Kenny calls for 'end to civil war politics' as he seeks coalition with FF
Acting Taoiseach Enda Kenny has renewed his call for a partnership government with Fianna Fail and Independents saying "ending civil war politics is the best thing for our country now".
Mr Kenny said he was willing to host a meeting early next week involving Fianna Fail leader Micheal Martin and Independent TDs.
However, Mr Martin previously rejected the partnership government proposal, saying his party promised voters they would not enter a coalition with Fine Gael.
He has agreed to a separate invitation from Independents to meet with them and Mr Kenny to discuss the prospect for forming minority governments.
Despite Mr Martin's rejection of a coalition, Mr Kenny renewed the call for a partnership government.
"It is my hope that those willing to participate or support in a partnership government can come together to discuss and agree how such a government will work," he said last night.
"I believe that a partnership government is in the best interests of our country and deserves full consideration," he added.
Mr Kenny's remarks come after the Independent Alliance (IA) wrote to him urging him to set up a meeting with Mr Martin this weekend.
Its six deputies expressed frustration that the brief talks between Mr Kenny and Mr Martin broke down so quickly earlier this week.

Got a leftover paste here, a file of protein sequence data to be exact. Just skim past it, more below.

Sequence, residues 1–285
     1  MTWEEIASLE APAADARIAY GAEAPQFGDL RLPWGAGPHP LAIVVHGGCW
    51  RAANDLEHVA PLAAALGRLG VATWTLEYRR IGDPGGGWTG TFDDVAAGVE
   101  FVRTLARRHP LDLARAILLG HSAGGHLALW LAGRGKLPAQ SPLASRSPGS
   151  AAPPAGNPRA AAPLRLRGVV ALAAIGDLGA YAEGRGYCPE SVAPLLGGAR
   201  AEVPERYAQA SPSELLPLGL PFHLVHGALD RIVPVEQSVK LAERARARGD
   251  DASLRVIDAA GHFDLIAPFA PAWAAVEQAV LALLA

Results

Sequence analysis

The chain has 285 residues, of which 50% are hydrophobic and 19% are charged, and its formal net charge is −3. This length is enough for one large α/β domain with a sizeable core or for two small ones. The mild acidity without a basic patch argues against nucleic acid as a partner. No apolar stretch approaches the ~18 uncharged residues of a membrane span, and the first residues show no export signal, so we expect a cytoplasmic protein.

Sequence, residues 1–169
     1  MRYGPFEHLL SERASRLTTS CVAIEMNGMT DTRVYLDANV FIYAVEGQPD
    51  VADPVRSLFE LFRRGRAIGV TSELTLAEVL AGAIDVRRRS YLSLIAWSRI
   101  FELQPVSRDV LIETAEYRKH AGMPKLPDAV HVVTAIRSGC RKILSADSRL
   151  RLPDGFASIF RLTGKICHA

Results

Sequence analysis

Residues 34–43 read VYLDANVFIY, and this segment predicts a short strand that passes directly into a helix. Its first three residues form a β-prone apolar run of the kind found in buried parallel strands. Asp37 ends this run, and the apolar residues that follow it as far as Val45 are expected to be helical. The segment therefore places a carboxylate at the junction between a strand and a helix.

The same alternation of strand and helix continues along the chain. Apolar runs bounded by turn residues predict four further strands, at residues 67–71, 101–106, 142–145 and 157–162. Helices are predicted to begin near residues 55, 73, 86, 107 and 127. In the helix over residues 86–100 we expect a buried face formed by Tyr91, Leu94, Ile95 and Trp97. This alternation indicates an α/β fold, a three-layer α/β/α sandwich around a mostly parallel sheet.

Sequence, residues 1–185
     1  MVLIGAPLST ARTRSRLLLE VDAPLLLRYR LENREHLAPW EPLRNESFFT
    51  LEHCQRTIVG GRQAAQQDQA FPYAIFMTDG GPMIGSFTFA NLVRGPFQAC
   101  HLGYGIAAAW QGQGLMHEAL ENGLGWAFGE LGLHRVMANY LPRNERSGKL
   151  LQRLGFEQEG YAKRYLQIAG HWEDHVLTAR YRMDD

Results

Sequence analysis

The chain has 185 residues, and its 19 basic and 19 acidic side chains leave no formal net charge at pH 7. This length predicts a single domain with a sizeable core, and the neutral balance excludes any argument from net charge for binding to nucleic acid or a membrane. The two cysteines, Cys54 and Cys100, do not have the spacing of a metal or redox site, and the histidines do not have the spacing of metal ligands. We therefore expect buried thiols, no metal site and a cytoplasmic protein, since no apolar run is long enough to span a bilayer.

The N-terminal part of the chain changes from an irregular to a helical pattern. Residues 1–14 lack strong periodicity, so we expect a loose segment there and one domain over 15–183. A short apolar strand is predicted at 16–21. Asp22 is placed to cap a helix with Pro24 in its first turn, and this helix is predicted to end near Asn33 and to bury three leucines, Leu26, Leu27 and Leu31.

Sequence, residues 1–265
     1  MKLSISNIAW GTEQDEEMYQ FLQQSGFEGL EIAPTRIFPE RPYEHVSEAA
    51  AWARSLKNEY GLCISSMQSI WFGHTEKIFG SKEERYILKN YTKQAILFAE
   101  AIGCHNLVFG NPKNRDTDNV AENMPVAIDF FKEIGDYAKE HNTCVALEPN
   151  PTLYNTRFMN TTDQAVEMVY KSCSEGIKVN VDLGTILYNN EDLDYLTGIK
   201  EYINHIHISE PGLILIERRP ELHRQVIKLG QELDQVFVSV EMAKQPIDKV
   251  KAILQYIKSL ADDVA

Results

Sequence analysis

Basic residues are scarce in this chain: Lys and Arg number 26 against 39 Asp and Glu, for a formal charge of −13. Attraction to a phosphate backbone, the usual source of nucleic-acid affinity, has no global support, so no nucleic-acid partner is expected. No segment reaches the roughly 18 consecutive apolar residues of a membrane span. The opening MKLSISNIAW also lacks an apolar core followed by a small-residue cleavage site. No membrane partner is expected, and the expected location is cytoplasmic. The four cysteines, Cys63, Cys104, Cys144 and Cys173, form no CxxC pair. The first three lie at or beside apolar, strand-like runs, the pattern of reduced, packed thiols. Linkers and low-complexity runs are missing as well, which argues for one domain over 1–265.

"We asked both of them to meet us within 24 hours because we felt the situation was getting ridiculous that they'd only spent 40 minutes talking in 40 days," said Dublin Rathdown Independent Shane Ross.
The IA later confirmed Mr Martin accepted their invitation to meet today to attempt to break the impasse on government formation talks.
"He has confirmed that he will happily discuss how a minority government could be formed with both Independent Alliance Deputies and Taoiseach Enda Kenny.
"We are awaiting a further response from Taoiseach Kenny," an IA statement said last night
Frustration among Independents at the breakdown in the talks between the two main party leaders is growing.
"People are sick and tired out there looking at the shenanigans that are going on and we're trying to work this forward in a constructive way," IA deputy Michael Fitzmaurice said.
He said that there should be a deal for the next three Budgets.
Earlier another Fine Gael minister reiterated that the party was not willing to support a Fianna Fail minority government, a stance that has angered Fianna Fail deputies.
Asked on RTE radio if his party was still ruling out that option, transport minister Paschal Donohoe said: "Yes, we have. We don't believe it would offer a stable administration to the country."
Mr Ross hit out at the way contacts between Fine Gael and Fianna Fail played out over the last week.
"Sometimes adolescents need grown ups to guide them on the way to some sort of maturity and the way they've been behaving we want to be a catalyst.
"We want to provide the basis for them talking.
"We're going to lose another two days if they don't get going by Monday," he said.